Branding-the portrayal of a lifestyle or the bait of consumerism?

Branding is all around us, the clothes we wear, the food we eat, the services we use and the products we buy all rely on strong branding. The core values of branding is to Inspire influence and attract people to a certain range of products, often this is combined in order to sell a lifestyle. There are many great examples of this. The Haig club Whiskey was first brought to market in 2009, branded as a High quality scotch whiskey, with the use of iconic personalities as David Beckham and a punchy advertising campaign promising “a new world of scotch whisky” they have achieved a brand that appeals to new markets. On the Haig club website they describe the Chinese market as “their most enduring” this ratifies the fact that they are directly targeting their branding to a certain group. David Beckham is a known icon within the Chinese market and has been endorsed as a Brand ambassador for various British brands in china Including Jaguar Land Rover. Henry Foy . (2014). JLR signs David Beckham in China drive. Available: https://www.ft.com/content/1c4a9fe2-a54b-11e3-8070-00144feab7de. Last accessed 13/02/2017

haig club

 This justifies the clear branding strategy that famous icons within branding can directly influence target market a company aspires to interest, in Haig clubs case they have intuitively identified Beckham as their right hand man in gaining influence from a market in order to sell their brand and Lifestyle.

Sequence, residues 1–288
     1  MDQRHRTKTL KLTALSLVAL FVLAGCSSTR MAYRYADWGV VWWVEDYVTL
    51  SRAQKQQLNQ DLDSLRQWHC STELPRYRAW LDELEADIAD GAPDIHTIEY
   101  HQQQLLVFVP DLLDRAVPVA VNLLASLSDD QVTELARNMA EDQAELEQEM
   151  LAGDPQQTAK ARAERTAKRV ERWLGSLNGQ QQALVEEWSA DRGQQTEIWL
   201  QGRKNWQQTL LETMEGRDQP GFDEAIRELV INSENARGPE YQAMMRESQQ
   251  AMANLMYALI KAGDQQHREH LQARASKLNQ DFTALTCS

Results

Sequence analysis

There are many cases in which branding has been directly criticised for forcing products on people with little or no difference in form or function while still charging a premium for a branded product. Supreme who are a Skate lifestyle clothing brand out of New York are renowned for their high price branded products that are also meant as an art statement

supreme

One of their latest branded gimmicks include the Supreme brick, supreme have taken what would previously be a 55 pence item, rebranded it with their logo and managed to charge £30 off the shelf. The irony of this branding strategy is that the Guardian states that the Supreme brick is now selling for in excess of $1000 on Ebay as the original stock sold out within a day! One Reddit user Tamaral36 calculated it would cost $4,704,000 to build an average sized house in bricks alone, this clearly suggests the novelty land the lack of functionality that this product holds.

brick.JPG

Branding of this extremity really does make you question whether this strategy by supreme was to publicly mock the theory of branding while further exploring their ideas of creating art statements, or whether they were double bluffing the market in order to make some ironic profit while also breaking ground on consumer loyalty towards their ‘iconic branded products’.

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